(4)
For a stereo vision rig, the projection camera matrix satisfies Eqs. (5) and (6), where R and t represent the rotation and translation between the left and right origins. O_{l} is the origin of the rig.
$$ {P}_l=\left[I\ 0\right] $$
(5)
$$ {P}_r=\left[R\ t\right]. $$
(6)
The fundamental matrix should satisfy Eq. (7), where w_{l} lies on the epipolar line l_{r} = Fw_{l} [21]:
Equations (5) and (6) are in normalized coordinates, and solving them, we obtain Eq. (8):
$$ E={\left[t\right]}_{\times }\ R=R{\left[{R}^Tt\right]}_{\times }. $$
(8)
The essential matrix (E) describes the transformation between the left and right origins in normalized image coordinates. The E matrix has similar properties to the F matrix in its correspondence between \( {\widehat{w}}_l \) and \( {\widehat{w}}_r \) in normalized coordinates [21]:
$$ {\widehat{w}}_rE{\widehat{w}}_l=0. $$
(9)
The essential matrix is used to compute the distance to the point W(X, Y, Z) seen by both cameras. Using the essential matrix means that there will be 6° of freedom: 3° from the rotation angle and 3° from the translation. In our system, the rotation angle around the yaxis and the translation along the baseline are not fixed. These two parameters were selected because they change the visual view of the camera.
The calibration process used in stereo vision is the same when a checkerboard is used as a reference to the points in the world coordinate and image processing is used to find the points in the image coordinate. The calibration process is first done on each camera separately to find the projection camera matrix for each camera, and then, these matrices are used to calculate the essential matrix to find the external geometry parameters between the cameras.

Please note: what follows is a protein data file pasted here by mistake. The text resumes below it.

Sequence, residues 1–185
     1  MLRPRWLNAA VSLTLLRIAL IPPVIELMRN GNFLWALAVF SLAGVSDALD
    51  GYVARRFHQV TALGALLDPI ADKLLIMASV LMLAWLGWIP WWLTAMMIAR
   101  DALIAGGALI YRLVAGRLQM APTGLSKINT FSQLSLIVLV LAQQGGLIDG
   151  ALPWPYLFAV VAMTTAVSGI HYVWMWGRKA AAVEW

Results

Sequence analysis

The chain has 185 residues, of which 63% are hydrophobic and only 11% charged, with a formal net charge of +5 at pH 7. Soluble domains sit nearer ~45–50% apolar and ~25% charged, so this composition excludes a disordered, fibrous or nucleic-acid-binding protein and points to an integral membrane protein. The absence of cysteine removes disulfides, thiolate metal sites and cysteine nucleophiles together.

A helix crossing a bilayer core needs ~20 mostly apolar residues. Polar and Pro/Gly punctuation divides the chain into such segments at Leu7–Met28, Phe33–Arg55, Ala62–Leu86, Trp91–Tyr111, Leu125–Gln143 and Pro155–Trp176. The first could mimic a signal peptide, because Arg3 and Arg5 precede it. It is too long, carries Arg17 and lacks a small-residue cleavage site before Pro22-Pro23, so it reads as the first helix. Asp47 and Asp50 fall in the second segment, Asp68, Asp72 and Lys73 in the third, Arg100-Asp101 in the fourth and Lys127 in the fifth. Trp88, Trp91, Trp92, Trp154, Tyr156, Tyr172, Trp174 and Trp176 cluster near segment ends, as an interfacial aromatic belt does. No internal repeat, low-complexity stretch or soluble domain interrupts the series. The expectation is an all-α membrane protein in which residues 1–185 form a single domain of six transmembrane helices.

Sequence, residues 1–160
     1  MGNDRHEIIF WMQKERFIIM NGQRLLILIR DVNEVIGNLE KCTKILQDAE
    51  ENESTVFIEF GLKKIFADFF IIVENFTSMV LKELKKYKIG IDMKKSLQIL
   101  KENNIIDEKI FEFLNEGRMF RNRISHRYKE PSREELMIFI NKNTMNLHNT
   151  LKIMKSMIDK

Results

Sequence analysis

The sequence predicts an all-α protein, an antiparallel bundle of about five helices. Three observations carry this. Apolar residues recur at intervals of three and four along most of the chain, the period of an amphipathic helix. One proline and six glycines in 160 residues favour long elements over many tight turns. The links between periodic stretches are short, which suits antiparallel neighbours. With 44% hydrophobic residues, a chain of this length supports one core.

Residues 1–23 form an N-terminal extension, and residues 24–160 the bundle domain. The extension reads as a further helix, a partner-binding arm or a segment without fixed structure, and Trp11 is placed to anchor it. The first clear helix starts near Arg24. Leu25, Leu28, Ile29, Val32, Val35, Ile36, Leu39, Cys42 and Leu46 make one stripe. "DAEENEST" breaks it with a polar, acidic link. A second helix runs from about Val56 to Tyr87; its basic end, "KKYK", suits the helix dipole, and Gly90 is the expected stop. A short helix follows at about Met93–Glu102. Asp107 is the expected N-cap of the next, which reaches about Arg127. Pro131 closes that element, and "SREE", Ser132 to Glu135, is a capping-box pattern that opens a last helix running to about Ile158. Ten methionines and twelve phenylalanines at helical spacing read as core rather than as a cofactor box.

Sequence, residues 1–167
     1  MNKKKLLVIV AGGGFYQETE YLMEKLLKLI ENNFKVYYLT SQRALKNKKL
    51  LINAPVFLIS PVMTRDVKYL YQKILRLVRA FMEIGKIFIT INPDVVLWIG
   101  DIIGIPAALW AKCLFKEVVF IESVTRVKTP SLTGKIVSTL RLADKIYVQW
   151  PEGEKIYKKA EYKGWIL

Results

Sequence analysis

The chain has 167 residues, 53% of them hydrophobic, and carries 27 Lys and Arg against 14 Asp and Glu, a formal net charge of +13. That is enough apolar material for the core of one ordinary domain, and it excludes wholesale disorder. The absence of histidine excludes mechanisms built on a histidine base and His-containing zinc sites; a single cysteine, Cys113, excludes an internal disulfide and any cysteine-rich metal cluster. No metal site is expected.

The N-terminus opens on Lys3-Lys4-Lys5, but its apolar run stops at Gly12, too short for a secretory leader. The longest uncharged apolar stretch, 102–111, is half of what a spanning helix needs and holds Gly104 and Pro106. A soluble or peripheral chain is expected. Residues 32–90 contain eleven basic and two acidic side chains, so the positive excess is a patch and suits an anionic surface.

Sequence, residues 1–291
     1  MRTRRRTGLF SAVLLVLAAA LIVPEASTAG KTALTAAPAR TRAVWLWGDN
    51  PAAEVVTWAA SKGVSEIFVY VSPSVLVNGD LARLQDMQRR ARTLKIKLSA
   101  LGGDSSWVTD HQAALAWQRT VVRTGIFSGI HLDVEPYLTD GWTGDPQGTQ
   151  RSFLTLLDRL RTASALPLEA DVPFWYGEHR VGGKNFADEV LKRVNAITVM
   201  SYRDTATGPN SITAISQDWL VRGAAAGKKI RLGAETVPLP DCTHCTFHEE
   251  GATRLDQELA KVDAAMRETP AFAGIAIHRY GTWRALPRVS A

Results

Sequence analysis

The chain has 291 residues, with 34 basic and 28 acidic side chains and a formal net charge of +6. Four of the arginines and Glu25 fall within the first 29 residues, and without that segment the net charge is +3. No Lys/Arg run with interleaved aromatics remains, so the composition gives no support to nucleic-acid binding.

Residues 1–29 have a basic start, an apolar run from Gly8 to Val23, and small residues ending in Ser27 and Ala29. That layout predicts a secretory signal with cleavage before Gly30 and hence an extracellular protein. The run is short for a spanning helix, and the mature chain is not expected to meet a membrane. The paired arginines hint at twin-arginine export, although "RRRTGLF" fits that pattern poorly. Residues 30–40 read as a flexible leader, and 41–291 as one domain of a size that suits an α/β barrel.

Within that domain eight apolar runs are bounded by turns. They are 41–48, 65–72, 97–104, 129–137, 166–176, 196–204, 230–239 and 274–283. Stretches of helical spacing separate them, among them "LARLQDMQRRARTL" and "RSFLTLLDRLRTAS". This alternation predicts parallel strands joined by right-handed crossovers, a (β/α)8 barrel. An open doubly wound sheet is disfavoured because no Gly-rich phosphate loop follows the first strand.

Rectification algorithm
The disparity is the difference between the same points in the left and right images. The calibration process generates the parameters used to rectify the images, where the rectification process is the transformation of the left and right images to obtain the same horizontal epipolar lines. The rectification process used in this study is based on Bouguet’s algorithm [20].
The process starts by dividing the rotation matrix R that is responsible for rotating the right image into the left image into two rotating matrices, R_{l} and R_{r}, for each image. These two rotation matrices rotate the left and right images by a half rotation. This rotation aligns both image planes with the baseline, but the images are not aligned in the raw data. Therefore, we find a correction matrix to rotate the epipolar lines into infinity and align them horizontally with the baseline.